Journal of Religious Studies
Online ISSN : 2435-9416
Print ISSN : 0387-3323
Volume 2016 , Issue 35
Showing 1-5 articles out of 5 articles from the selected issue
  • The Moral Training Theory of a Scholar in the Jiaxing–Longqing Period
    Kuniyoshi OSAWA
    2016 Volume 2016 Issue 35 Pages 3-32
    Published: 2016
    Released: April 17, 2021
    JOURNALS OPEN ACCESS
    This paper mainly discusses the Buddhist thought and moral training theory of Zhao Dazhou, a scholar of the Taizhou school. In the Chinese Buddhist history of the Late Ming period, the prevalence of the Surangama-Sutra was an important factor. Yugangzhai Bichen had an article that Dazhou instructed students to read from the Surangama-Sutra at the Imperial Academy in the Longqing period. If this article was a historical fact, it would have had a huge influence on the trend of thought of the Wanli period, but there is almost no archive about the Surangama-Sutra in his biography that was written during the Ming Dynasty and his collected works ─ Zhao Wensu Gong Wenji ─ so it is difficult to attest whether or not the article of Yugangzhai Bichen was a historical artifact. To clarify the relationship between Zhao Dazhou and the SurangamaSutra, the author analyzed the moral training theory of Zhao Dazhou, mainly using his writings and related documents. Through this research, the author reached the following conclusions: First, like another scholar of the Taizhou School, he emphasized the theory of “Mind Means Principle” in his early days, and he emphasized on consistency in mind and action. However, after he met with a political setback, he emphasized the necessity of gradual cultivation and noted that its way was to improve wisdom and meditation. Therefore, while the credibility of the article cannot be established, the philosophy of Zhao Dazhou should be an impetus that leads to the prevalence of the Surangama-Sutra in the Wanli period.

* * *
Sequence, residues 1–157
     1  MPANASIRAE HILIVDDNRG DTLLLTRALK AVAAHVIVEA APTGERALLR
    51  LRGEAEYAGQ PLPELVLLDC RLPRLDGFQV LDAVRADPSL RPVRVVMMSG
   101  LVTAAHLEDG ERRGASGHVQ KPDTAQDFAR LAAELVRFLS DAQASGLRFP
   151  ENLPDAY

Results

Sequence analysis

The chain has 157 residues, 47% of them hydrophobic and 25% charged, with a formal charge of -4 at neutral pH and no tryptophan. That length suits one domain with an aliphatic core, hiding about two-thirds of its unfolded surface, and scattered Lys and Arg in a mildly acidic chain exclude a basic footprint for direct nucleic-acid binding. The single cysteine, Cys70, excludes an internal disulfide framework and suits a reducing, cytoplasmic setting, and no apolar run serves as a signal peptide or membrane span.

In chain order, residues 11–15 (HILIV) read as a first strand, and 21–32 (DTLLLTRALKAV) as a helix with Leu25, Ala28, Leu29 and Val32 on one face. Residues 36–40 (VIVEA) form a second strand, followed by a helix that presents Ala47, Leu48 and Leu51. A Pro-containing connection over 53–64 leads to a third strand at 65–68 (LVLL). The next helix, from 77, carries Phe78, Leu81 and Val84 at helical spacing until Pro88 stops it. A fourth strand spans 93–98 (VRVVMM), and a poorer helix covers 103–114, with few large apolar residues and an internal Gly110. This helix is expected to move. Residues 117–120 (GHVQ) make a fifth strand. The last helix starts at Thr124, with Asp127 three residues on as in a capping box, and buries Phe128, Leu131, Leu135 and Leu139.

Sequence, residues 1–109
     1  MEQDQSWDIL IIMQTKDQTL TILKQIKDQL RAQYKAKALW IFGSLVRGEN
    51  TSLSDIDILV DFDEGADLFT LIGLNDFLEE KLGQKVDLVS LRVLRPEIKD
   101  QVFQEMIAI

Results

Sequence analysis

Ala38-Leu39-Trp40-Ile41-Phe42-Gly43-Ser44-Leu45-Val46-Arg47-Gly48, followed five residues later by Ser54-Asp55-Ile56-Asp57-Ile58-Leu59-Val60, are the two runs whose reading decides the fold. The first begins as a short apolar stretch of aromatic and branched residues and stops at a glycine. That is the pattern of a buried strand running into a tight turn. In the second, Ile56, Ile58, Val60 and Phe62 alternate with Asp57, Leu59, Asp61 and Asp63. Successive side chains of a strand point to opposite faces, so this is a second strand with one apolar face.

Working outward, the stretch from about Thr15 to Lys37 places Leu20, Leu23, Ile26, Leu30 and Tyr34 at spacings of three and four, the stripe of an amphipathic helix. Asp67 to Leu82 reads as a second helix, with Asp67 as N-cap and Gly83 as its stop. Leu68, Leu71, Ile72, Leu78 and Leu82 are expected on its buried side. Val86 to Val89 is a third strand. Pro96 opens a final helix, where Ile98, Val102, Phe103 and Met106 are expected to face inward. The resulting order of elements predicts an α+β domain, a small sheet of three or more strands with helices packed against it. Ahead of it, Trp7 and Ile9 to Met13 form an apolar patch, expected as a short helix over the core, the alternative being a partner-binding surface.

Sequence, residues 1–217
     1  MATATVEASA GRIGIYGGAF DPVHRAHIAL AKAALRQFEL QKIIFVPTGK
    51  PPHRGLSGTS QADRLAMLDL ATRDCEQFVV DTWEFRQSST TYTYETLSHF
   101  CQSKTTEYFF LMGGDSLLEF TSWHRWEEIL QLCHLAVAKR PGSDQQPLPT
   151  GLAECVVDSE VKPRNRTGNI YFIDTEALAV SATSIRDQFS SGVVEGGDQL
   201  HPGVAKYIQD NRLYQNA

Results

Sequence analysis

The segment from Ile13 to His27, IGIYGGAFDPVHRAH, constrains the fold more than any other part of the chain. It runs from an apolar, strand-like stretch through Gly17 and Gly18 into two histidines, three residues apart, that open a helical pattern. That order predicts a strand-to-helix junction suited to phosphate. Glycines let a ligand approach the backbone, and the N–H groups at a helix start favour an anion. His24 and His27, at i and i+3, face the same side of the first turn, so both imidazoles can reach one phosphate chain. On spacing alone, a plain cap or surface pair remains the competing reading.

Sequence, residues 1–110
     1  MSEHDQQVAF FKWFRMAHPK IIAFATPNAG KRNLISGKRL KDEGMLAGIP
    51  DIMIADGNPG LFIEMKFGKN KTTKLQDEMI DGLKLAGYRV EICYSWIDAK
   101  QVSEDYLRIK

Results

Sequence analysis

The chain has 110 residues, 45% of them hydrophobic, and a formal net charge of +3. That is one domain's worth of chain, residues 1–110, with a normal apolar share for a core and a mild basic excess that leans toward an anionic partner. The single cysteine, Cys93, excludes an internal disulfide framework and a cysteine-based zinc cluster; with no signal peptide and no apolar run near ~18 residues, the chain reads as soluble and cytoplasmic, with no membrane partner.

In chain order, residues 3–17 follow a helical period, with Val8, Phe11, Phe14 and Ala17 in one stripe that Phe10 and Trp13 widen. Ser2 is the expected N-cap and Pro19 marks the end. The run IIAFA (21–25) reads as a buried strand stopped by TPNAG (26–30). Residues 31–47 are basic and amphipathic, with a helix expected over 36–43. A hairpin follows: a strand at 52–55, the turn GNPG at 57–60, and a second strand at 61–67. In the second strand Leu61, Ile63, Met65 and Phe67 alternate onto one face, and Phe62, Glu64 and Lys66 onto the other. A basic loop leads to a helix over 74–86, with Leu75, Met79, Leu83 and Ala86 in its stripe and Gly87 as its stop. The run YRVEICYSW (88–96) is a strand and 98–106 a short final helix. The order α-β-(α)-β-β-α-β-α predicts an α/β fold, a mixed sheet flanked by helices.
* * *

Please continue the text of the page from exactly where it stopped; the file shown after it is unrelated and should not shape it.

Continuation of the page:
Download PDF (1323K)
  • Yukiharu KATO
    2016 Volume 2016 Issue 35 Pages 35-49
    Published: 2016
    Released: April 17, 2021
    JOURNALS OPEN ACCESS